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SALT LAKE CITY — Late last year, a Utah man went through a breakup — an everyday occurrence, but one that is prompting a bill that could potentially change the state's criminal stalking code.
"What had happened was he'd had a bad breakup with his ex-girlfriend, and of course when they were breaking up, she said, 'I never want to talk to you again, see you again,'" said Rep. Candice Pierucci, R-Herriman, sponsor of HB21.
At the suggestion of his mental health counselor, the man later sent his ex-girlfriend a letter saying he had "no hard feelings" and he appreciated their time together, Pierucci said.
Then the woman, a professional photographer, posted a photo on social media of the man and his family. He commented on the photo, asking her to remove it.
Later that night, police showed up at his door, demanded to see his phone, and arrested him for stalking, Pierucci said.
The Salt Lake County District Attorney's Office declined to file charges against the man. When asked about the case, the officer who arrested the man cited "ambiguity and vagueness" in the current code that allowed for the arrest, according to Pierucci.
"It was a traumatic experience for my constituent. He had to pay an attorney, and he had to go to jail for that evening. And he was clearly not stalking his ex-girlfriend," she said.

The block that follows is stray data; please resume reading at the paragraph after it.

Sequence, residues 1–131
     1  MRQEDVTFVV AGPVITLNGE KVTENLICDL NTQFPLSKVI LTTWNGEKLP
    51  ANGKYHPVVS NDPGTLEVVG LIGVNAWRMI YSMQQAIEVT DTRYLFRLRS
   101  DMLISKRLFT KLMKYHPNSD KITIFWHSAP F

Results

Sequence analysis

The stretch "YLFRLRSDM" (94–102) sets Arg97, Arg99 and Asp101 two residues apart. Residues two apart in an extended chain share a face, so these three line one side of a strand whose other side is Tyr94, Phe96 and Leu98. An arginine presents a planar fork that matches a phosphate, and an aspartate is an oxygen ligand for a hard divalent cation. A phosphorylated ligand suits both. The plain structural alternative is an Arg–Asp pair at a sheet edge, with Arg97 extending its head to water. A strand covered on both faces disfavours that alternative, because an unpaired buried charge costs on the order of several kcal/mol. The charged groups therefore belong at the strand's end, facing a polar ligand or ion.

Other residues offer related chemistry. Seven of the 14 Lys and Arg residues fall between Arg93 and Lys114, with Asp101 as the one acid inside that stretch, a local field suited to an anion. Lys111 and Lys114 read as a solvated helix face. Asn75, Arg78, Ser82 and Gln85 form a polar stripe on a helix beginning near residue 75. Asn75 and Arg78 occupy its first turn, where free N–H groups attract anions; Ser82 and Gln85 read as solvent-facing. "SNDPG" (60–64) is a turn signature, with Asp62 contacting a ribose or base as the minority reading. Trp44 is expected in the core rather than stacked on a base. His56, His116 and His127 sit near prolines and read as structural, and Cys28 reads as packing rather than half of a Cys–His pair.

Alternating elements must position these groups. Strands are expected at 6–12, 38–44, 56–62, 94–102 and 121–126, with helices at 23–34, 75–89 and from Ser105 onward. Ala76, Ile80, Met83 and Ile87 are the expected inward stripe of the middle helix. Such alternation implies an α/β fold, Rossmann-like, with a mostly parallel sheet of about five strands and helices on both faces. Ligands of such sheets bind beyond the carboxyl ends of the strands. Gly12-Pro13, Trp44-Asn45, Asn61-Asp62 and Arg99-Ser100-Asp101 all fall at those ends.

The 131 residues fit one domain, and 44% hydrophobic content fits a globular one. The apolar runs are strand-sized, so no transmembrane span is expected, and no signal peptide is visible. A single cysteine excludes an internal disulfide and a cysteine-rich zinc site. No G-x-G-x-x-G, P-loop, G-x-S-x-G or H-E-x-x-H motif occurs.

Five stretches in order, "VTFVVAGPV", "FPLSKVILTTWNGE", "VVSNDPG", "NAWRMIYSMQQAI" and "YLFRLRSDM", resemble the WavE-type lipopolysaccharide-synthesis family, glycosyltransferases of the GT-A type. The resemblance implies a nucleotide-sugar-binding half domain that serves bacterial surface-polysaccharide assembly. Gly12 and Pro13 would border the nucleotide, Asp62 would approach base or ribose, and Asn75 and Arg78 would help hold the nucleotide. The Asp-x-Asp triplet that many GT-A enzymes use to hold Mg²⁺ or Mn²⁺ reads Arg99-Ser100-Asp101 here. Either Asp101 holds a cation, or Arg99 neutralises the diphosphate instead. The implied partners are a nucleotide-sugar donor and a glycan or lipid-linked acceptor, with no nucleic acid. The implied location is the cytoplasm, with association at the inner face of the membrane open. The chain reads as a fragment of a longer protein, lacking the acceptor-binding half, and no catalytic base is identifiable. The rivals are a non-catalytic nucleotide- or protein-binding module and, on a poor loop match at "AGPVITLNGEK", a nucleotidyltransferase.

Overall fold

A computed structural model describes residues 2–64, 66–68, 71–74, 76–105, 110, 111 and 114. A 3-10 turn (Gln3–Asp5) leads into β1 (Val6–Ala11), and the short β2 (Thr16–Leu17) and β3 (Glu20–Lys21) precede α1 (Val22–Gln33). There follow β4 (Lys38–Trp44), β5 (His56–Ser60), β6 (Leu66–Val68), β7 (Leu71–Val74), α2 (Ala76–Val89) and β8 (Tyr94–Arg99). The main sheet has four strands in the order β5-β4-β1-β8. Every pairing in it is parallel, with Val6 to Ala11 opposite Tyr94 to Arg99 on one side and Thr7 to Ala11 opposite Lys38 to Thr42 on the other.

To prevent similar situations in the future, she's proposing a bill for the upcoming session of the Utah Legislature.
Currently, Utah law requires two separate stalking incidents to occur before a person can be charged with stalking. Pierucci's bill would require three such incidents to occur before a person could be charged with stalking.
Current Utah law defines stalking as following a specific person, surveying, photographing, or threatening them, and other types of harassment that can include cyber harassment. Under the proposed bill, three or more incidents would only qualify as stalking if they also show evidence of "a continuity of purpose."
The bill is a result of work over the summer with groups like the Utah Sentencing Commission, courts, prosecutors, defense attorneys and victim advocates, Pierucci said.
"And we worked through and kind of got the language to a place where everyone could be satisfied and felt like it was adding purpose, a more targeted language while still protecting our victims," she said.
But Alex Merritt, victim advocate with the Utah Crime Victims Legal Clinic, says now isn't the time to make it harder for victims to get protection as she's seen more stalking cases in 2020 than in any of her past years in the job.
"The problem with stalking is you have stalkers who respond two ways. They either get a stalking injunction or get charged with stalking, and then they realize what they're doing is wrong and they stop. Or they don't stop ever. And by changing this, you're putting a higher burden on the victim," Merritt said.